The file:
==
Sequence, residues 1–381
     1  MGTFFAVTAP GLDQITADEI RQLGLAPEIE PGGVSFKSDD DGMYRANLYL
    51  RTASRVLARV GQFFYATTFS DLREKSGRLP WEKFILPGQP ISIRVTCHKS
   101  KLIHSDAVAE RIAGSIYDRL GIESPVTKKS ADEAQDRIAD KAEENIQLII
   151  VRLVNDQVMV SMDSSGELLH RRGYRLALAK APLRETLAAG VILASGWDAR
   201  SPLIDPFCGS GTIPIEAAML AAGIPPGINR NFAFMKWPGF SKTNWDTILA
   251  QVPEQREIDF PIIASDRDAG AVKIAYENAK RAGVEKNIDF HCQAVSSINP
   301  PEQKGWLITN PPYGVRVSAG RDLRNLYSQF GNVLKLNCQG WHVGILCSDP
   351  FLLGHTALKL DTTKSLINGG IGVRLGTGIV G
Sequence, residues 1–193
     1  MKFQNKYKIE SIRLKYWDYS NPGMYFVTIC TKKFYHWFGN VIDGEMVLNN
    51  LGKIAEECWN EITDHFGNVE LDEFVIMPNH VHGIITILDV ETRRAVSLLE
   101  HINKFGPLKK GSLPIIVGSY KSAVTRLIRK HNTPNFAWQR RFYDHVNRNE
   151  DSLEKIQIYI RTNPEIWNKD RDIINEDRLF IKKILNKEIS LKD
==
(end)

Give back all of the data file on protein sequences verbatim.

Sequence, residues 1–381
     1  MGTFFAVTAP GLDQITADEI RQLGLAPEIE PGGVSFKSDD DGMYRANLYL
    51  RTASRVLARV GQFFYATTFS DLREKSGRLP WEKFILPGQP ISIRVTCHKS
   101  KLIHSDAVAE RIAGSIYDRL GIESPVTKKS ADEAQDRIAD KAEENIQLII
   151  VRLVNDQVMV SMDSSGELLH RRGYRLALAK APLRETLAAG VILASGWDAR
   201  SPLIDPFCGS GTIPIEAAML AAGIPPGINR NFAFMKWPGF SKTNWDTILA
   251  QVPEQREIDF PIIASDRDAG AVKIAYENAK RAGVEKNIDF HCQAVSSINP
   301  PEQKGWLITN PPYGVRVSAG RDLRNLYSQF GNVLKLNCQG WHVGILCSDP
   351  FLLGHTALKL DTTKSLINGG IGVRLGTGIV G
Sequence, residues 1–193
     1  MKFQNKYKIE SIRLKYWDYS NPGMYFVTIC TKKFYHWFGN VIDGEMVLNN
    51  LGKIAEECWN EITDHFGNVE LDEFVIMPNH VHGIITILDV ETRRAVSLLE
   101  HINKFGPLKK GSLPIIVGSY KSAVTRLIRK HNTPNFAWQR RFYDHVNRNE
   151  DSLEKIQIYI RTNPEIWNKD RDIINEDRLF IKKILNKEIS LKD